Ancient Italian cities: our favourites

“Travel back to a time where powerful families ruled, Renaissance artists painted and monumental, everlasting structures were built”

Here’s a quick guide to Italy’s ancient cities…

  • Ancient Italian cities: our favourites

    Travel back to a time where powerful families ruled, Renaissance artists painted and monumental, everlasting structures were built. Here’s a quick guide to Italy’s ancient cities.


    Masterpieces, Michelangelo and the notorious Medici family are all at home in Florence, the Cradle of the Renaissance. Surrounded by wine-rich hills, this compact city in central Tuscany is a unified maze of tiny Roman alleyways bordered by elegant palazzi (palaces) and grand piazzas.

    A contrast of sharp Gothic squares and curved Renaissance architecture adorn the city, as well as world-class artworks like Michelangelo’s David – found in the Galleria dell’Accademia – and paintings by Leonardo da Vinci. At the heart of Florence is the Duomo (cathedral), which has watched over the city since 1296, and is home to the largest brick and mortar dome in the world.

    Lined with shops propped up on stilts, the medieval Ponte Vecchio bridge is a must-visit, while the manicured Boboli Gardens are ideal for a stroll with a gelato.

    Duomo in Florence

    Duomo, Florence


    With characteristic alleyways, imposing towers and artisan shops that reflect its rich Etruscan and Roman history, UNESCO-World-Heritage Siena is known as Italy’s loveliest medieval city. It’s built across seven hills and is made up of 17 contrade (districts), each with their own animal symbols that are depicted on carvings, plaques and even car stickers.

    At the centre of it all is the shell-shaped Piazza del Campo, a former Roman forum surrounded by 7km of fortified walls, which hosts the annual Palio run – a spectacle of a horse race, competed by members of each of the contrade.

    The piazza is also home to Siena’s cathedral, full of religious and artistic treasures, and the Piccolomini Library which is bursting with works by Donatello and Michelangelo.

    Piazza del Campo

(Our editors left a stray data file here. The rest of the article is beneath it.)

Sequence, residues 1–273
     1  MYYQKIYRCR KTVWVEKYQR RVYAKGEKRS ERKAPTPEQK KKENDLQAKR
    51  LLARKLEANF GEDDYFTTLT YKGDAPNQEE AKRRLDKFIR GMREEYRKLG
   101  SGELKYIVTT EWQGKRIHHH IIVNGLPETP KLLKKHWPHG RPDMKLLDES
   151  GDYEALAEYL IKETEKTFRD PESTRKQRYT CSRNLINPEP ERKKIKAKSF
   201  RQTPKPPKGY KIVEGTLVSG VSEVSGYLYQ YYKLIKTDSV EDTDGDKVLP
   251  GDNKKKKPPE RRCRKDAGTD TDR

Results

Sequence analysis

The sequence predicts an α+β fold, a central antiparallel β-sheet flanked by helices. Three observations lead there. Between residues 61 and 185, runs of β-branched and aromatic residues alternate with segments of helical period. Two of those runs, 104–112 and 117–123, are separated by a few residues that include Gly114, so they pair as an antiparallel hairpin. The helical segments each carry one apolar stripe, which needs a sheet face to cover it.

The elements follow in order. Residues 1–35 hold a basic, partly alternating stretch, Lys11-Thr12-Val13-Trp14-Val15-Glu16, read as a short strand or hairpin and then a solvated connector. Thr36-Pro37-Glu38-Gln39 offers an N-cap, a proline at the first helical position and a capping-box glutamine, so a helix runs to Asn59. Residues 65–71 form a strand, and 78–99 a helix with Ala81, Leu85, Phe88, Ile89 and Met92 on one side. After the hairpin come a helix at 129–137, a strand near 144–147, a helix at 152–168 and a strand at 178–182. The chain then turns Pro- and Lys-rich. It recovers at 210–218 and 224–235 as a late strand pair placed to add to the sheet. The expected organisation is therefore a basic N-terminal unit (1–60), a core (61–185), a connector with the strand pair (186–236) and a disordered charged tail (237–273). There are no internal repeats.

Piazza del Campo, Siena

    Take a day trip by car to Florence or Siena on one of our Lakes & Mountains holidays to Tuscany.


    Hundreds of years after Shakespeare’s star-crossed lovers made their mark, the UNESCO city of Verona still abounds with visitors from around the world. Its historic architecture, beautiful bridges and open-air markets are easy to explore on foot, via winding streets that were partially moulded by the once-ruling Scaligeri family, whose tombs still rest at the Arche Scaligeri.

    This romantic city is also famous for its colossal amphitheatre, which hosts the annual Verona Opera, as well as the fictional home (and iconic balcony) of the Bard’s leading lady, Juliet. Rumour has it, by rubbing the chest of Juliet’s bronze statue, you’ll be gifted with eternal fortune, luck and love.

    The Piazza Bra – the largest piazza in Verona – also brims with a variety of restaurants and bars, as well as pretty gardens, fountains and monuments.

    Juliet's Balcony

    Juliet’s Balcony, Verona


    The picture-perfect archipelago city of Venice is made up of 118 pretty islands connected by 400 arched bridges. Overflowing with cultural, industrial and architectural heritage, it’s one of the most distinctive cities in the world.

    Gondolas drift down a maze of canals and decadent Venetian masks take pride of place in boutique windows. St Mark’s Square buzzes with tourists visiting the ornate, lace-like Doge’s Palace and climbing the Campanile Bell Tower for unobstructed views of the city.

    The backstreets and passageways also open up a whole other side to this popular European destination, from historic bookshops to local bàcari selling mouth-watering cicchetti – the Venetian version of tapas.



    Explore the hidden streets of Venice and Verona on one of our TUI experiences, available from all resorts on Lake Garda, Lake Como and Lake Maggiore.

    Pssst. Head to the Discover homepage for our latest articles.

Author: Mia Jones